COMPLAINTS

1. Two applicants (Bullett and McLean) complained under Article 3 of the Convention, one applicant (McLean) complained under Article 10 of the Convention and all applicants complained under Articles 8 and 14 of the Convention about:

(a) the investigations into their sexual orientation; and

(b) their subsequent discharge from the armed forces pursuant to the absolute policy against homosexuals in those forces.

2. They also complained under Article 13 that they did not have an effective domestic remedy in this regard.

THE LAW

The applicants complain about investigations into their homosexuality and their consequent dismissal further to a Ministry of Defence policy, in place at the time, against homosexuals in the armed forces. They invoke the Articles outlined above.

Article 35 of the Convention reads as follows:

“1. The Court may only deal with the matter after all domestic remedies have been exhausted, according to the generally recognised rules of international law, and within a period of six months from the date on which the final decision was taken.”

The Court recalls its decisions of 5 September 2000 on the admissibility of the cases of Perkins and R. v. the United Kingdom ((dec). nos. 43208/98, 44875/98) and of Beck, Copp and Bazeley v. the United Kingdom ((dec). nos. 48535/99, 48536/99 and 48537/99), all concerning persons dismissed from the armed forces on grounds of their homosexuality.

The Court has referred above to the withdrawal by the High Court of its (then) Article 177 reference to the ECJ in the Perkins case following the ECJ ruling in the Grant case. R (application no. 44875/98) had also issued proceedings in the Industrial Tribunal alleging sex discrimination contrary to the provisions of the 1975 Act and the Equal Treatment Directive. On 26 March 1998 the Industrial Tribunal found, inter alia, that given the decision in the Grant case, R's case did not appear strong. Following the High Court's judgment in Perkins, R withdrew her appeal to the Employment Appeal Tribunal. The Court found that the six-month time-limit began to run in both cases on the date of the High Court judgment in the Perkins case: both cases were introduced to this Court within six months thereof and thus were found to comply with the time-limit set down by Article 35 § 1 of the Convention.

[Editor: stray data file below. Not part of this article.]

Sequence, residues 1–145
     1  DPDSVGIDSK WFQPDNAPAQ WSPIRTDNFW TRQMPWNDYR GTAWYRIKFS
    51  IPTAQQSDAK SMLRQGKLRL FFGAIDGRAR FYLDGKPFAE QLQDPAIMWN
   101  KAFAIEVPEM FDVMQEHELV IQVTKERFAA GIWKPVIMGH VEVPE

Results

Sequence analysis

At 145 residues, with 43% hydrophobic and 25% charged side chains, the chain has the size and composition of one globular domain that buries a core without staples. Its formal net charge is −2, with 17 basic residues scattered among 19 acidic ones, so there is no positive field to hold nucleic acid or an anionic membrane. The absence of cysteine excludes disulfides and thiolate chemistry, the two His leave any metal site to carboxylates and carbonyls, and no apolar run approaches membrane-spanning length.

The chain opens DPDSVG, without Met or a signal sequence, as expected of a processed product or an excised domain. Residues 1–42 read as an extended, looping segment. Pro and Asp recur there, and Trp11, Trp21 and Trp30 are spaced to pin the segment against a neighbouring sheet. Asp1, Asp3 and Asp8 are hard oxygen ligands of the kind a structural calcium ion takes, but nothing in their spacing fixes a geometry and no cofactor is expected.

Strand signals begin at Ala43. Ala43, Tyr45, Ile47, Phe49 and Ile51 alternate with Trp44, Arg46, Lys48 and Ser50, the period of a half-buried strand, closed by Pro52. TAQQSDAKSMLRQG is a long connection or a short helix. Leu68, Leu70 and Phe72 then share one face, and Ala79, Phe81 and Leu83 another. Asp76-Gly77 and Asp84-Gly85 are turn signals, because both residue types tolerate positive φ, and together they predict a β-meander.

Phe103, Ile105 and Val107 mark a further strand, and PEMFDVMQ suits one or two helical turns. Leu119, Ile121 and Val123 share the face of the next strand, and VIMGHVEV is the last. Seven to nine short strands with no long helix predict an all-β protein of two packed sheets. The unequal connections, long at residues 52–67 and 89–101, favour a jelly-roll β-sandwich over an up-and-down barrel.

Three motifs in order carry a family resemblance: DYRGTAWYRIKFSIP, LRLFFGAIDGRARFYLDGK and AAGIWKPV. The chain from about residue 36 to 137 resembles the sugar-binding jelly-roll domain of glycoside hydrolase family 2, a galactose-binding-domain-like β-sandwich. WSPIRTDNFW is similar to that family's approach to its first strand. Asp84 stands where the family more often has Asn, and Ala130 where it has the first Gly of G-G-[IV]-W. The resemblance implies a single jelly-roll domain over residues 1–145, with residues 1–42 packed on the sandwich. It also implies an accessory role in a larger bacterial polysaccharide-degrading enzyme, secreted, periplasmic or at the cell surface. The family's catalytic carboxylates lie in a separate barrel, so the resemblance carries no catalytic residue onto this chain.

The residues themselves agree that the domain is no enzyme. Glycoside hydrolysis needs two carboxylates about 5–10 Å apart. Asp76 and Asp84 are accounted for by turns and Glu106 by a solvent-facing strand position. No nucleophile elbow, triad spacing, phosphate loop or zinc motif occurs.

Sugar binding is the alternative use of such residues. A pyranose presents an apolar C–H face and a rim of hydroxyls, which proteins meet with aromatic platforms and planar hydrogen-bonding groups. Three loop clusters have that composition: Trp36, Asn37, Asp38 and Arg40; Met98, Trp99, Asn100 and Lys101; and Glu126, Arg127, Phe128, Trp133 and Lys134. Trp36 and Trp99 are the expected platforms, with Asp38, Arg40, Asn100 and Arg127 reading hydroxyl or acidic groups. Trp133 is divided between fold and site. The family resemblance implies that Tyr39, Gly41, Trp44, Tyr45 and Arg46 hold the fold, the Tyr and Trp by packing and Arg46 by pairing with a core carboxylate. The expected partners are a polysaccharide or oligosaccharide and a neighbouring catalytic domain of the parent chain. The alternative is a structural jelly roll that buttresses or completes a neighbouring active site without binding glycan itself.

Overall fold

In the subsequent cases of Beck, Copp and Bazeley v. the United Kingdom, the applicants issued proceedings in the Industrial Tribunal in 1995 claiming unfair dismissal and sex discrimination (based on the Equal Treatment Directive). Their domestic proceedings were stayed pending the outcome of the domestic proceedings in Perkins and, following the Perkins High Court judgment, Messrs Beck, Copp and Bazeley withdrew their applications before the Industrial Tribunal and introduced their cases to this Court again within six months of the High Court judgment in Perkins. The Court considered that those three applicants had complied with the six-month time-limit: it had been reasonable to pursue their domestic proceedings until the Perkins' case resolved the Equal Treatment Directive issue.

Subsequently, Mr MacDonald (also referred to above) issued proceedings in the ET raising the Equal Treatment Directive but also claiming sex discrimination and sexual harassment under the 1975 Act. The domestic proceedings in his case addressed the interpretative issues to which the 1975 Act gave rise, a matter unresolved even after the R case. Detailed argument was heard before the ET and the appeal courts: each instance delivered detailed judgments on the question of whether discrimination on grounds of sex prohibited by the 1975 Act included discrimination on grounds of sexual orientation. While the case was eventually decided against Mr MacDonald, the Employment Appeal Tribunal and a judge of the Court of Session found in his favour. The case went as far as the House of Lords, each judge delivering a separate judgment.

The Court considers that, even assuming that in the light of the decisions in Perkins and R. and Beck, Copp and Bazeley it was reasonable for the present applicants to pursue their proceedings until the House of Lords' judgment in MacDonald resolved the “1975 Act issue”, the six-month time-limit would run at the latest from the date of that judgment (19 June 2003). The Court does not accept that that time-limit could run from any later date (for example, the date on which their ET proceedings were struck out or dismissed). However, the earliest of the present applications was introduced in January 2004.

Even assuming therefore that the final domestic decision for current purposes was that of the House of Lords of 19 June 2003, the present applications must be considered to have been introduced outside the time-limit set down by Article 35 § 1 of the Convention and to be, as such, inadmissible.

For these reasons, the Court unanimously

Declares the applications inadmissible.

Michael O'Boyle Josep Casadevall 
 Registrar President

 

APPENDIX1

No.

Application

Name

Date of Introduction

Date of Discharge

Date issued ET proceedings

Date of dismissal of ET proceedings

1

4103/04

Love

16/01/2004

30/03/1998

12/06/1998

07/01/2004

2

5498/04

Gundry

16/01/2004

06/05/1983

08/11/1997

07/01/2004

3

10617/04

Davies

01/03/2004

03/12/1991

17/10/1997

07/01/2004

4

14557/04

Bullett

19/04/2004

17/11/1995

23/08/1997

24/10/2003

5

27313/04

McLean

14/07/2004

10/12/1994

17/02/1997

21/01/2004

1 The House of Lords’ judgment in MacDonald is dated 19 June 2003.


LOVE v. THE UNITED KINGDOM DECISION


LOVE v. THE UNITED KINGDOM DECISION